| Lucie Faure |
6 July 1908
|Died||1977-09-25 (Age 69)|
Lucie Faure was a French woman of letters, novelist and literary review director. She was the wife of Edgar Faure, Prime Minister 1955-56 and President of the National Assembly 1973–1978. She attended the 1974 Bilderberg conference.
The daughter of a merchant of fabrics of Alsatian-Jewish origin, she was the niece, on the maternal side, of Julien Cain, who was administrator general of the Bibliothèque nationale de France from 1930 to 1964.
In 1931, she married Edgar Faure, then a young lawyer.
Second World War
A refugee with her husband and daughter in Tunisia in the autumn of 1942 and then in Algiers, after the American landing of 8 November, she was attached to the French Committee of National Liberation and organised the Institute of Slavic Studies at the University of Algiers.
It is also in Algiers that she created in 1943 with the writer Robert Aron the magazine La Nef, which would be the first to be published in Paris the day after the Libération of France and of which she assured the direction until her death. Numerous issues of La Nef were milestones, such as those devoted to contemporary political and social problems (the Algerian war, police, Americans, psychoanalysis, prostitution, women, Justice, advertising, opinion polls, freedoms etc.).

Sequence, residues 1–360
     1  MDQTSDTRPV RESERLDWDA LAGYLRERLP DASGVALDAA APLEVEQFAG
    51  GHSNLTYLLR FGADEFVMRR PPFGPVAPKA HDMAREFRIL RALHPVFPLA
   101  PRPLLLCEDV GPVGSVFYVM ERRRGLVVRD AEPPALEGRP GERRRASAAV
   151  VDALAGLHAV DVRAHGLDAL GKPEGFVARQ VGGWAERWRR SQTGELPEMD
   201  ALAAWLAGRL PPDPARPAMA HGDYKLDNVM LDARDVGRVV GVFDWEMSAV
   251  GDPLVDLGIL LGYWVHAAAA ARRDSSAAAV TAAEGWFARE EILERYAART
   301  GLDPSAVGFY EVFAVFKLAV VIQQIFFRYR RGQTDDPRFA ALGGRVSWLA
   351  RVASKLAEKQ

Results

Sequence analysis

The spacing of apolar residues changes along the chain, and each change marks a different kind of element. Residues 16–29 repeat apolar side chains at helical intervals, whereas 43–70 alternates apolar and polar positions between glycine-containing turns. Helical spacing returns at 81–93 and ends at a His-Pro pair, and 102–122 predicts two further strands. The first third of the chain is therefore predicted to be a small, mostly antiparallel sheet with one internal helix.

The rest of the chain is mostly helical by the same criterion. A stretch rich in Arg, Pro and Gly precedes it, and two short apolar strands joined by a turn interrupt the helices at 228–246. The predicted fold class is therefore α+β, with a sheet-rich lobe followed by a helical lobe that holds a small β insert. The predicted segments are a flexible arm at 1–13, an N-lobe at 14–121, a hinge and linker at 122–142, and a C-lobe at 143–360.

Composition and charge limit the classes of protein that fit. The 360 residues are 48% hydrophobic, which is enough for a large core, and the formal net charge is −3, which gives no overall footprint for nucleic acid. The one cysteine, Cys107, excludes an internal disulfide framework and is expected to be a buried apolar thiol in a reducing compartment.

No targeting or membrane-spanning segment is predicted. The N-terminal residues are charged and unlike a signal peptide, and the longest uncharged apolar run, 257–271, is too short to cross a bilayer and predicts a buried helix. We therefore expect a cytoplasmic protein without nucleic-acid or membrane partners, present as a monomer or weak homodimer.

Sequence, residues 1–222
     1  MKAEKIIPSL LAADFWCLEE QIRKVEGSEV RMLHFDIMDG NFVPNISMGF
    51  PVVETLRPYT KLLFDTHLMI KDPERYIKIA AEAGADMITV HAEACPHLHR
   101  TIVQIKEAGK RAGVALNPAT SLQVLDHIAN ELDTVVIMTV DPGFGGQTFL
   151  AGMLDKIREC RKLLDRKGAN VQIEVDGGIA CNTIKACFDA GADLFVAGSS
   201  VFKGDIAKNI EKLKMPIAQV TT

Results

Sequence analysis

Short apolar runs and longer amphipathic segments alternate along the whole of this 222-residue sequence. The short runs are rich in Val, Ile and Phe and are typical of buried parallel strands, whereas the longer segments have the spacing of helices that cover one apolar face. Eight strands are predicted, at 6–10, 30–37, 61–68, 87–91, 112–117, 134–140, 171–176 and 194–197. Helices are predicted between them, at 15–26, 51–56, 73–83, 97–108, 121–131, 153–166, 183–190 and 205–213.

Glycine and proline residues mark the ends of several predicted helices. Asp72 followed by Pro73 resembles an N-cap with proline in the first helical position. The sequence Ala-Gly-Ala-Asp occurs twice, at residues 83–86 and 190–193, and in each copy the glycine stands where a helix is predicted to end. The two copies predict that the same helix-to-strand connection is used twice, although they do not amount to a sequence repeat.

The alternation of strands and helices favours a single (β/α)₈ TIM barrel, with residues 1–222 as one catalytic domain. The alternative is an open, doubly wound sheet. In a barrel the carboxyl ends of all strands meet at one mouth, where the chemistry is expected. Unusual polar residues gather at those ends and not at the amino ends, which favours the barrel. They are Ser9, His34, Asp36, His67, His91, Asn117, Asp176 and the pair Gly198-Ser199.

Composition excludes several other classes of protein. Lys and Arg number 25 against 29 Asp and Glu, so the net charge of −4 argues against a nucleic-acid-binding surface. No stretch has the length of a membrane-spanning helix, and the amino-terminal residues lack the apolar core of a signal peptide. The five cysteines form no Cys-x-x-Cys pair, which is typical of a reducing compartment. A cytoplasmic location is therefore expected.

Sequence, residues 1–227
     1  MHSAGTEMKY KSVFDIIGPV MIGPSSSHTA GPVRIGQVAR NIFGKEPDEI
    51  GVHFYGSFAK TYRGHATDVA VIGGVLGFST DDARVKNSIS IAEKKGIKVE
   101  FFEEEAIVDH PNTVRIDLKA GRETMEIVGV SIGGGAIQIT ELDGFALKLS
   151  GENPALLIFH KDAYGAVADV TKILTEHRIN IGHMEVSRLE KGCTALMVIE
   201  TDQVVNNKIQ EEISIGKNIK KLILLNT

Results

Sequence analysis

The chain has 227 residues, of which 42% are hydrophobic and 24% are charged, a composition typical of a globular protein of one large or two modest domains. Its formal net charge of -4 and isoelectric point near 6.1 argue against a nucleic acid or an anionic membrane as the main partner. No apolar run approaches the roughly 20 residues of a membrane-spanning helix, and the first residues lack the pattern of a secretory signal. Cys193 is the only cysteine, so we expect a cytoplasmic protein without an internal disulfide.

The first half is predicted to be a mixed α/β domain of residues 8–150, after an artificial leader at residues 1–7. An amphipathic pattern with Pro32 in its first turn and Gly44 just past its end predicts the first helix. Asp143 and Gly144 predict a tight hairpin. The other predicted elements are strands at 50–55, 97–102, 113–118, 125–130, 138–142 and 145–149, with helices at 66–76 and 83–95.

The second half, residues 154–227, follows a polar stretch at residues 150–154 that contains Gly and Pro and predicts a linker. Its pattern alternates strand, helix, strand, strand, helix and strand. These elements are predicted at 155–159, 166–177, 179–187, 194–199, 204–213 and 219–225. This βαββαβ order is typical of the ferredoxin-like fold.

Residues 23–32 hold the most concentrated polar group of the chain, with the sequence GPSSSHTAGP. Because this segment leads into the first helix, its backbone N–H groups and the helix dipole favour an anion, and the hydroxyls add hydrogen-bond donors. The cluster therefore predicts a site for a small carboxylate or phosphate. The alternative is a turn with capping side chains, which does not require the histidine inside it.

Close to the milieu of the Paris intellectual left during the era of decolonization of North Africa, she assisted and advised her husband in his various political functions, generally defending positions more advanced than his own by avoiding placing herself on the front of the political scene. However, she accepted to succeed him in 1970 as mayor of Port-Lesney, in Jura.
Woman of letters
The author of a Journal d'un voyage en Chine which drew attention (1958), she began a career as a novelist from the 1960s. Her eight novels (to which were added seven short stories in a posthumous work) reflect less her great familiarity with political circles than "her intimate curiosity about things of the heart" (B. Poirot-Delpech). The psychological complexity of the subjects tackled, such as delirious jealousy, suicide, parricide or ill-assumed homosexuality, was "compensated by an extreme concern for clarity and a kind of optimistic candor". A member of the jury of the Prix Medici since 1971, she exercised a great influence in the literary world of Paris.
Death and legacy
She held the rank of commandeur of the Légion d'honneur.
Event Participated in
|Bilderberg/1974||19 April 1974||21 April 1974||France|
Hotel Mont d' Arbois
|The 23rd Bilderberg, held in the UK|